Georgia Southern grad student recognized by American Society of Civil Engineers
Georgia Southern civil engineering graduate student Mariah Peart has been selected by the American Society of Civil Engineers (ASCE) as one of 10 New Faces Of Civil Engineering for 2019 — Professional Edition. Engineering professor Gustavo Maldonado, Ph.D., said it’s the first time a Georgia Southern student has received this recognition.
“Mariah is one of the best students in the Civil Engineering program,” said Maldonado, who along with Marcel Maghiar, Ph.D., and Celine Manoosingh, Ph.D., is one of Peart’s advisers for her thesis. “More than three years ago, Mariah joined our Build Environment and Modeling laboratory as an undergraduate student and quickly learned the operation of all our laser scanning and measuring devices.”
Peart has worked on a variety of projects since becoming a master’s student. She has used 3D laser scanning and close-range photogrammetry, to assist Statesboro city engineers redesign intersections, resulting in better traffic flow and fewer accidents. She also created 3D models of historic barns near Statesboro that will serve as virtual preservation for the Bulloch County Historical Society to document the history of the local area.
“My passion to serve the community assisted in attaining this recognition,” Peart said. “My family is the reason why I have such a dedication to serve others through the skills I have learned over the years. These skills were built through passionate professors of the civil engineering and construction department. These professors not only teach the required material but show the students how their engineering skills can positively contribute to the community around them.”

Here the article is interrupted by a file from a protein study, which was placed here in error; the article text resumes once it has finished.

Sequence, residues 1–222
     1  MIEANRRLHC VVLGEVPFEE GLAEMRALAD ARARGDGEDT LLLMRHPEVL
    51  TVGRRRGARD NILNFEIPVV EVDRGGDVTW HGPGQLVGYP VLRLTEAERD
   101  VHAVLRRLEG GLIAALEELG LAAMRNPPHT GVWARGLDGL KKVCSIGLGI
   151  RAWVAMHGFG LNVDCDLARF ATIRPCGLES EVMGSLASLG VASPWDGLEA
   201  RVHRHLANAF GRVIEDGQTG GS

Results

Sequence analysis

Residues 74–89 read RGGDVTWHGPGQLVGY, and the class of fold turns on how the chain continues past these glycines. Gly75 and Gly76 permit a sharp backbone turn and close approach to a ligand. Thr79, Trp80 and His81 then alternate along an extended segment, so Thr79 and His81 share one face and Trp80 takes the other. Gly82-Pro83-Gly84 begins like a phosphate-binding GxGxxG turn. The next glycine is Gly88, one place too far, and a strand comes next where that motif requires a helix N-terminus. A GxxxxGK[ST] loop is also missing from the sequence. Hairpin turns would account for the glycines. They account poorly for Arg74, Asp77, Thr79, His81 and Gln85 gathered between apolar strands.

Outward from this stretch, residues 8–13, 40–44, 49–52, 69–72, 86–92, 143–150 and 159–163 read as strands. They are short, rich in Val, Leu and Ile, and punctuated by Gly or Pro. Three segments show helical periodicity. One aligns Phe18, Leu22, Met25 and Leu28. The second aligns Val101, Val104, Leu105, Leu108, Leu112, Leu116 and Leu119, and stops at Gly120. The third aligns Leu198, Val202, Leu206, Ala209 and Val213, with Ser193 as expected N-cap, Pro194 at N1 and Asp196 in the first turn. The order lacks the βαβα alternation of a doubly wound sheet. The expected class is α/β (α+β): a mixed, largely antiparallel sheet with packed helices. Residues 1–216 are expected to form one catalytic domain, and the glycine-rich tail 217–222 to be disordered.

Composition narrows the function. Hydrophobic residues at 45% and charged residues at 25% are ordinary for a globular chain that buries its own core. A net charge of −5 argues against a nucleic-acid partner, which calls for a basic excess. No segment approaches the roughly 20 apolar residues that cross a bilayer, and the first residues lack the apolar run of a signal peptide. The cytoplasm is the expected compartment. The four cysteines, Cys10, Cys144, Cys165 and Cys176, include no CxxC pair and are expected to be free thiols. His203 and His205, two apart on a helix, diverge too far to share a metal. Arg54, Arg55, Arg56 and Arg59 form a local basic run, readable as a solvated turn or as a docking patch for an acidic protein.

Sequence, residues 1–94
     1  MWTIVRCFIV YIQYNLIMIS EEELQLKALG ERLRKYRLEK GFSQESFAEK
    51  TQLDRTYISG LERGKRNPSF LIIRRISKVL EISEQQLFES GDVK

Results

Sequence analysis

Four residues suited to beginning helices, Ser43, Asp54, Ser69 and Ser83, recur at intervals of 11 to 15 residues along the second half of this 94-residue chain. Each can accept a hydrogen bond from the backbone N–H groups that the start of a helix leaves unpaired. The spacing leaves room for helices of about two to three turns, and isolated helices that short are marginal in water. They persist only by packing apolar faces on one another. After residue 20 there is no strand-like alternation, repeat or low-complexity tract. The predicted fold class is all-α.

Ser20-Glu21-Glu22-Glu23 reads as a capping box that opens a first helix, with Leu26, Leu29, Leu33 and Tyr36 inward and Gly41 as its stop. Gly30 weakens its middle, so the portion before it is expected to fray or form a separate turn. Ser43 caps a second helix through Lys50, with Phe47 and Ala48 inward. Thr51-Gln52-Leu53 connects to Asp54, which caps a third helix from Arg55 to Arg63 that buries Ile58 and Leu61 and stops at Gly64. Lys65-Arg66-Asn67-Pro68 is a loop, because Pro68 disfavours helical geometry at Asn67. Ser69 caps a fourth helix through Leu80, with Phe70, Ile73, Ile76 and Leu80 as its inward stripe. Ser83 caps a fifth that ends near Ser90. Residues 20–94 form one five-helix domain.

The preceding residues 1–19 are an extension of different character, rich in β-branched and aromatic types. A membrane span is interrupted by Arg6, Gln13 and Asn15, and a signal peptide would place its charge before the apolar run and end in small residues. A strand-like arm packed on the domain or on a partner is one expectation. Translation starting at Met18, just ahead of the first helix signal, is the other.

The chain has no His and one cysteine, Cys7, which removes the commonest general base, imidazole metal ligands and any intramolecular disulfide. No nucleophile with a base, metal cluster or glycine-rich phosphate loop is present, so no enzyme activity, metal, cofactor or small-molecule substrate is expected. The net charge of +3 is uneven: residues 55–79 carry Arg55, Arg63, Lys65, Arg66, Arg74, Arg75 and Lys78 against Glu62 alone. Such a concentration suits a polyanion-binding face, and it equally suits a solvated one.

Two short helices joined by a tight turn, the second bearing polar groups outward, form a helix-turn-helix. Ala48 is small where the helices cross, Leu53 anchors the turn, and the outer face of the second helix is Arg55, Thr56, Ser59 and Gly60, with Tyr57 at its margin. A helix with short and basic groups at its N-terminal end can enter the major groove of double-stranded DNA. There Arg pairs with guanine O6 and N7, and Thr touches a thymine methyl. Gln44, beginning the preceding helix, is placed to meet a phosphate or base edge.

ASCE’s New Faces of Civil Engineering recognition program highlights the next generation of civil engineering leaders. Every year, 10 honorees are selected from two divisions: collegiate and professional.
“It was soon evident that Mariah is a very intelligent, responsible, respectful and hard working individual,” Maldonado said. “Certainly, the combination of those attributes is a recipe for success. Fortunately, Mariah received financial support from the College of Engineering and Computing to pursue her graduate degree with us. I’m very glad Mariah earned this well-deserved recognition.”
Steven McCutcheon, Ph.D., a retired senior environmental engineer with 37 years of experience with the United States Environmental Protection Agency and U.S. Geological Survey, said Peart has made him proud to be a civil engineer.
“I am overjoyed that you have become an Associate Member of ASCE, given your professional leadership potential,” McCutcheon said in a letter to Peart. “This award is also a real credit to the civil engineering program at Georgia Southern. I suspect it may influence the next accreditation of the civil engineering program, recruitment of faculty and attracting great students.”
Other members of the 10 New Faces Of Civil Engineering include an engineering professor in the Dominican Republic and a young Ph.D. who helped expose the ongoing lead pollution in the drinking water of Flint, Michigan.
Georgia Southern University, a public Carnegie Doctoral/R2 institution founded in 1906, offers 141 degree programs serving nearly 26,500 students through nine colleges on three campuses in Statesboro, Savannah, Hinesville and online instruction. A leader in higher education in southeast Georgia, the University provides a diverse student population with expert faculty, world-class scholarship and hands-on learning opportunities. Georgia Southern creates lifelong learners who serve as responsible scholars, leaders and stewards in their communities. Visit GeorgiaSouthern.edu.